Talk:Electoral fraud

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The main body of this article is unreferenced. Artificial Intelligence 07:50, 11 April 2007 (EDT)

Relocating unref'd material that may have some value if rewritten. I deleted the general ramble material. --Bob Burton 22:44, 4 August 2007 (EDT)

Voting Machines

The use of voting machine technology in India and the United States has been rife with accusations of new opportunities for electoral fraud. In 2000, there were a number of surprise Republican wins, which, in sum, barely gave the GOP the Senate in 2000 (until Jim Jeffords defected).

These races were all tallied in whole or in part by voting machines made by companies with close ties to the GOP and the religious right. One candidate, Chuck Hagel of Nebraska, "left his job as head of an electronic voting machine company to run as a long-shot candidate for the U.S. Senate." The machines vended by ES&S and Diebold Election Systems recorded that he won "stunning" upset victories in both the Republican primary and the general election." It is impossible to validate or recount ballots, as ballots do not exist. Source code for the machines is not available for scrutiny to the general public.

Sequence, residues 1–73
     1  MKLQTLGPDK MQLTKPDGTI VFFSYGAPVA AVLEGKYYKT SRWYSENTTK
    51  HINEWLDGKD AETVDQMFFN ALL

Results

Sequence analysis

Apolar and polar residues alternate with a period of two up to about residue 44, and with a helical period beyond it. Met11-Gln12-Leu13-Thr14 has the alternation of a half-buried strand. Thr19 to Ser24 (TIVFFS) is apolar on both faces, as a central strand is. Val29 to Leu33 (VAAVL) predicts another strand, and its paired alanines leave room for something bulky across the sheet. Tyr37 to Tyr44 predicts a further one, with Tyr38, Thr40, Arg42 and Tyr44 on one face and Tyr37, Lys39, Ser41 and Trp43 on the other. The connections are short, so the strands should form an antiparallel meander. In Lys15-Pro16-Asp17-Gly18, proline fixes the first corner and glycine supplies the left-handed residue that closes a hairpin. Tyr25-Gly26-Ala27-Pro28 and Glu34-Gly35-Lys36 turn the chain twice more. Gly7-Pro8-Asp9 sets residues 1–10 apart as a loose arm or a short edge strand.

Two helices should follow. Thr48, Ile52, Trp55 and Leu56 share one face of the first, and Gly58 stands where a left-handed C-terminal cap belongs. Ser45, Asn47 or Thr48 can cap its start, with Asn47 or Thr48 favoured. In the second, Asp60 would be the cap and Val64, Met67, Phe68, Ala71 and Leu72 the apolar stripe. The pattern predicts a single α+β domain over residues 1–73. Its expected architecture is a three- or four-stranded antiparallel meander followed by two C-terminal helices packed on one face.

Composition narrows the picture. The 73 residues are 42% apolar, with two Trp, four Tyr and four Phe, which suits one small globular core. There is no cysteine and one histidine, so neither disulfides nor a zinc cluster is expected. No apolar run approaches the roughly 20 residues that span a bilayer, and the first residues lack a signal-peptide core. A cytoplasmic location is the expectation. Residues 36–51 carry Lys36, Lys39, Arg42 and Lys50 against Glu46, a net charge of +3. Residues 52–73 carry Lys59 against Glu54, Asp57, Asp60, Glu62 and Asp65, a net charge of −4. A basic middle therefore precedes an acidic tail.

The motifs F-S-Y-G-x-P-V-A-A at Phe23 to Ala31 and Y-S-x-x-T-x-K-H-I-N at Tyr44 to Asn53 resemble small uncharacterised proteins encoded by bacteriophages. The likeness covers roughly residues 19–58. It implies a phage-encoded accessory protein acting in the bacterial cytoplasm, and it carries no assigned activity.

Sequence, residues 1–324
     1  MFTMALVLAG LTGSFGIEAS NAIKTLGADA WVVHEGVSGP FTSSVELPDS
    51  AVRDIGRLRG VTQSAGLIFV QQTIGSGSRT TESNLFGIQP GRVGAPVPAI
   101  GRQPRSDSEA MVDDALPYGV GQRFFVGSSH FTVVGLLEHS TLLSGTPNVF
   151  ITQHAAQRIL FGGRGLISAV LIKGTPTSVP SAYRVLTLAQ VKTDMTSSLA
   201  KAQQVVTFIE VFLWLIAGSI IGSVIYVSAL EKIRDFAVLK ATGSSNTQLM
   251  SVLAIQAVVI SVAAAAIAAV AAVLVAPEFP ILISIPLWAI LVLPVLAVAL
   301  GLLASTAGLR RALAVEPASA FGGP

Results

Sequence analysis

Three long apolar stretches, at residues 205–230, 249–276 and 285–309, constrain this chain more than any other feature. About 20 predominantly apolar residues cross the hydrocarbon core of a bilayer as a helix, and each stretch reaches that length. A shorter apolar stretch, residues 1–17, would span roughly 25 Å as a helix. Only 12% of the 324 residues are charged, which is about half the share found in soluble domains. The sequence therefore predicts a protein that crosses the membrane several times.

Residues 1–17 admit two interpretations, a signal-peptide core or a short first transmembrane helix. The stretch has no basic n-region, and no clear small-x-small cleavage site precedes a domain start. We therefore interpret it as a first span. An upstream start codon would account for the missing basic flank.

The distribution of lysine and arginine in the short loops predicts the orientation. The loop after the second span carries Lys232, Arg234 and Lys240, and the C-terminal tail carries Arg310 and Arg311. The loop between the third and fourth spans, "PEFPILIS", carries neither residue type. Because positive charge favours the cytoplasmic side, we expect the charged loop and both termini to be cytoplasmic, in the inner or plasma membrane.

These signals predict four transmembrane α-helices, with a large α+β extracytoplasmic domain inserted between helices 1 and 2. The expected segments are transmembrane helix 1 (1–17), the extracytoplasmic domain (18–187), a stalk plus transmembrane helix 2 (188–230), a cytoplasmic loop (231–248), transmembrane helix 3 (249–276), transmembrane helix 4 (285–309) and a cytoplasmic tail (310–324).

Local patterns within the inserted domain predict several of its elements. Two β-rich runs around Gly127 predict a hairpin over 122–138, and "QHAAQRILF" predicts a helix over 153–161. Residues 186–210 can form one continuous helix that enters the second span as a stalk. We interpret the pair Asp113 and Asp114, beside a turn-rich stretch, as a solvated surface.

In July 2003, India, the largest democracy in the world, ran an all-electronic election, over the objections of opposition parties. Claims made by government-appointed experts that voting machines "could not be tampered with" are generally discarded by experts in every developed nation.